References Cited in the file of this patent UNITED STATES PATENTS 1,636,492 Taylor July 19, 1927 1,838,164 Tannewitz Dec. 29, 1931 1,907,012 Smith May 2, 1933 1,994,819 Hartson Mar. 19, 1935 2,002,893 Holt et a1. May 28, 1935 M I 2,197,531 Smith Apr. 16, 1940 2,251,428 Smith Aug. 5, 1941 2,628,134 Williams et a1 Feb. 10, 1953 2,636,787 Medearis Apr. 28, 1953

Patent Citations
Cited PatentFiling datePublication dateApplicantTitle
US1636492 *Jan 2, 1926Jul 19, 1927Taylor Charles WilliamPulley
US1838164 *Sep 3, 1931Dec 29, 1931Tannewitz Carl EBand saw wheel and tire therefor
US1907012 *Jan 25, 1930May 2, 1933Smith Walter G LDrill pipe protector
US1994819 *Jul 7, 1928Mar 19, 1935Hartson Earl SFriction ring and clamping means therefor
US2002893 *May 19, 1933May 28, 1935Holt Charles KDrill pipe protector
US2197531 *Jan 12, 1938Apr 16, 1940Smith Walter G LDrill pipe protector
US2251428 *Dec 23, 1939Aug 5, 1941Smith Walter G LDrill pipe protector
US2628134 *Jul 17, 1948Feb 10, 1953Ventura Tool CompanyProtective collar for drill pipes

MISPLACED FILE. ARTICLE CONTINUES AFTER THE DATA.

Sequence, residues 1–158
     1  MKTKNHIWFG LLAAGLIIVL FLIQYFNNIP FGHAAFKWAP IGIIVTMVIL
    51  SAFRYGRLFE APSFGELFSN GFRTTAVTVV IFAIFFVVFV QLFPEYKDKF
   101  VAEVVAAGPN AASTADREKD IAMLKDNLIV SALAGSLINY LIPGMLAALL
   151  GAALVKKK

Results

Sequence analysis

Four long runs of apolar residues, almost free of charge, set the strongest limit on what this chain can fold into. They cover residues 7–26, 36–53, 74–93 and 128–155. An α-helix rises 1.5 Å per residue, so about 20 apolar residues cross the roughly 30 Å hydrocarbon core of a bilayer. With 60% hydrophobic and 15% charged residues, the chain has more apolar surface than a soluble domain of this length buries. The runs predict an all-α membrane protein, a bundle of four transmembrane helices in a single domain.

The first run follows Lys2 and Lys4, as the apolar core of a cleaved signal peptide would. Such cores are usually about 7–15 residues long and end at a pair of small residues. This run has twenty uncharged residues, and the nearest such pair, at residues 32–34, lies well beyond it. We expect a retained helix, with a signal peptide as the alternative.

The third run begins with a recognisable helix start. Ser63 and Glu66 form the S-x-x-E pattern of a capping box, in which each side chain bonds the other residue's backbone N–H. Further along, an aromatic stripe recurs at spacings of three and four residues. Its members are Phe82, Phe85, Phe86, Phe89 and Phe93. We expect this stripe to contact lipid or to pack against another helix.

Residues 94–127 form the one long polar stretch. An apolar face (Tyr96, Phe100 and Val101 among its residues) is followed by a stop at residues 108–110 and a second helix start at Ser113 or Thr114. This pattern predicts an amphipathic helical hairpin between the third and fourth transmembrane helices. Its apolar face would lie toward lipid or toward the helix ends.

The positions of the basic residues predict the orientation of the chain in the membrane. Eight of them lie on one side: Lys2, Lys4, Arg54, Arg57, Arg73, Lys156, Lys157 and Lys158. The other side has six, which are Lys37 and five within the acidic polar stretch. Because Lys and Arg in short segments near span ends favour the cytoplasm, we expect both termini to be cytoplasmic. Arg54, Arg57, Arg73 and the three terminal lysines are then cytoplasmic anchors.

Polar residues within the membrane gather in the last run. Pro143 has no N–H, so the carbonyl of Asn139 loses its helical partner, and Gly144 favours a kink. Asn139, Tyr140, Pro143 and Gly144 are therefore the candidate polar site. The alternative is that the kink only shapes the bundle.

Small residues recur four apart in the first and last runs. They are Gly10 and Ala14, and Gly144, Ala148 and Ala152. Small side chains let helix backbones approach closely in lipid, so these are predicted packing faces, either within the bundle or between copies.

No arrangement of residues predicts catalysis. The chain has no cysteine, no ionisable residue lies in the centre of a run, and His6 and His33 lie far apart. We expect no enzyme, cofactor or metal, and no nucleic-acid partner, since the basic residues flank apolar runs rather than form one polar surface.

US2636787 *Sep 18, 1948Apr 28, 1953Medearis James FCasing protector
Referenced by
Citing PatentFiling datePublication dateApplicantTitle
US3051532 *Nov 20, 1958Aug 28, 1962Collett Charles HWell pipe protector
US3094360 *Jan 27, 1961Jun 18, 1963Collett Charles HSplit protector for well pipe
US3148004 *Aug 1, 1962Sep 8, 1964Weatherford Oil Tool Company IDrill pipe protector
US3612627 *Sep 23, 1969Oct 12, 1971Byron Jackson IncPipe collar with corrugated-type insert
US3652138 *Apr 23, 1970Mar 28, 1972Collett Charles HSelf-locking snap-on collar for oil well operations
US3933203 *Mar 27, 1975Jan 20, 1976Evans Orde RCentralizer for production string including support means for control lines
US4266578 *Mar 23, 1979May 12, 1981Regal Tool & Rubber Co., Inc.Drill pipe protector
US4398772 *Sep 10, 1981Aug 16, 1983The Mead CorporationDrill pipe protector
US4526535 *Dec 27, 1983Jul 2, 1985The Maytag CompanyGas burner for a combined laundry appliance
WO2013044227A3 *Sep 24, 2012Oct 31, 2013Albany International Corp.Drum lagging material and installation apparatus therefor
Classifications
U.S. Classification175/325.6, 24/20.0TT, 24/20.00R
International ClassificationE21B17/00, E21B17/10
Cooperative ClassificationE21B17/105
European ClassificationE21B17/10F2